Background: Previous research on vaccination among people with disabilities has focused on children or adolescents. Objective: To examine variations in seasonal influenza vaccination (SIV) uptake according to disability type and age group and explore the vulnerable groups and risk factors of non-vaccination to identify areas of policy support in Korea. Methods: This pooled cross-sectional study included adults who participated in the 2011, 2014, and 2017 National Survey of Persons with Disabilities. The dependent variable was SIV uptake. Age-stratified multivariate logistic regression was conducted to assess its relationship with disability characteristics. Results: Among 18,069 adults with disabilities, the overall SIV uptake rate increased with age (33.8%, 50.1%, and 85.3% in 20–49, 50–65, and ≥65 years, respectively). In the multivariate analyses (reporting the adjusted odds ratio and 95% confidence interval), severe disability was associated with lower and higher SIV uptake rates in older adults and younger age-groups (0.88, 0.76–1.01; 1.62, 1.42–1.86; and 1.54, 1.24–1.92 in those aged ≥65; 50–64; and 20–49 years), respectively. Health behaviors (regular doctor visits, general health examinations, and non-smoking) were significantly associated with higher odds of SIV uptake. After adjusting for covariates (age, medical conditions, functional ability, and behavioral factors), individuals with brain, epileptic, and psychiatric disabilities showed lower odds of SIV uptake compared to those with internal organ disabilities across all age groups. Conclusions: Policy initiatives that can improve the health behaviors of people with disabilities (especially the elderly and people with intellectual, brain, epilepsy, and psychiatric disabilities) to promote SIV uptake are needed.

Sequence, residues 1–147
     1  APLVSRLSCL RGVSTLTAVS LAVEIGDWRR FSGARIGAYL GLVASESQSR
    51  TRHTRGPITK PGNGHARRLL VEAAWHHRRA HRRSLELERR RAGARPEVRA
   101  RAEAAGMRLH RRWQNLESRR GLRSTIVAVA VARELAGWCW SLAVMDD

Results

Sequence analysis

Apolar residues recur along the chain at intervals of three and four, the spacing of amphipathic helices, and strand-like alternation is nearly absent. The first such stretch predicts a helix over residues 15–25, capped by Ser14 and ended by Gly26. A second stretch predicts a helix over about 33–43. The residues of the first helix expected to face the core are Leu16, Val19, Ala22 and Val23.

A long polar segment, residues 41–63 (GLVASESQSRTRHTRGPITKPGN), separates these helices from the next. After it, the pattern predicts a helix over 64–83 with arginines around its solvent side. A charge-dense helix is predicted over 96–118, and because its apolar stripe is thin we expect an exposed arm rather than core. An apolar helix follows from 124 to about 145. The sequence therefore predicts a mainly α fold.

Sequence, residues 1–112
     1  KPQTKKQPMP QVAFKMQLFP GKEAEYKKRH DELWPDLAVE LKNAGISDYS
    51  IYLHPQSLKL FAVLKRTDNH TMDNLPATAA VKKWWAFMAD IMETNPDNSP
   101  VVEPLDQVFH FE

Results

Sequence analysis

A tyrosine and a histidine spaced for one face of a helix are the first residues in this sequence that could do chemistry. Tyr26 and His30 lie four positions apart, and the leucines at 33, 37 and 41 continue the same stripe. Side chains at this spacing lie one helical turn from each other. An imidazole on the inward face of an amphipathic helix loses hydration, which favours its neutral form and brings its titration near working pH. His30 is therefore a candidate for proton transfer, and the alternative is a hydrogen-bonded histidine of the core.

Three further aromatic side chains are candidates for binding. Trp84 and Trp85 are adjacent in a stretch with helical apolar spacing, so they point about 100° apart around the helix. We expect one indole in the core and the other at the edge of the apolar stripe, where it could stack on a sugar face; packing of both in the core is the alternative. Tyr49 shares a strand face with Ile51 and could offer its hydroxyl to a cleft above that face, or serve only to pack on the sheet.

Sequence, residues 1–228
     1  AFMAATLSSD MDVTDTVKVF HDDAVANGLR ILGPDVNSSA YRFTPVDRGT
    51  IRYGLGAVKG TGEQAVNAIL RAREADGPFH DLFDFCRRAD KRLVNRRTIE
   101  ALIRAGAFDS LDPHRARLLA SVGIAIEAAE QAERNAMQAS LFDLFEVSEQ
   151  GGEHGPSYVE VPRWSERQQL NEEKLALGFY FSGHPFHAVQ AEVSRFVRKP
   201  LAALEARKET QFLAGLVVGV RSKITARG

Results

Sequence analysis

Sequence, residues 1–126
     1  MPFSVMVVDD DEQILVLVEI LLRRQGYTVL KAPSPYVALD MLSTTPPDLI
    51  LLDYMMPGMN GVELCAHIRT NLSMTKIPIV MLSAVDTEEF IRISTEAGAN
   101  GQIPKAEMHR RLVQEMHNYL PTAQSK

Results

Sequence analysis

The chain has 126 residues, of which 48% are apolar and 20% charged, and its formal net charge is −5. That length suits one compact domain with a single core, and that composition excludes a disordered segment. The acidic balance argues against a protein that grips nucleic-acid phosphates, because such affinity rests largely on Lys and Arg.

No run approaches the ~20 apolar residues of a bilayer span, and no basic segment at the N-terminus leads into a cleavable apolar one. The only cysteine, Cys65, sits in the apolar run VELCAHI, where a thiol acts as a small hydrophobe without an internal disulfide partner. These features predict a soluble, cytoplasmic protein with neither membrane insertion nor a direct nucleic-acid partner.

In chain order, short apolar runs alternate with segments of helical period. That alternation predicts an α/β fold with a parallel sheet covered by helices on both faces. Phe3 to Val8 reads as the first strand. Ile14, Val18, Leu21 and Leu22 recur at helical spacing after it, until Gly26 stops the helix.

|Journal||Disability and Health Journal|
|Publication status||Published - 2023 Jan|
Bibliographical noteFunding Information:
This research was supported by a grant from the Patient-Centered Clinical Research Coordinating Center (PACEN) and COVID-19 Public Health Research , funded by the Ministry of Health & Welfare, Republic of Korea (grant number: HC20C0010 ), and by the National Research Foundation of Korea (No. 2022R1A2B5B0100125311 ).
© 2022 Elsevier Inc.
All Science Journal Classification (ASJC) codes
- Public Health, Environmental and Occupational Health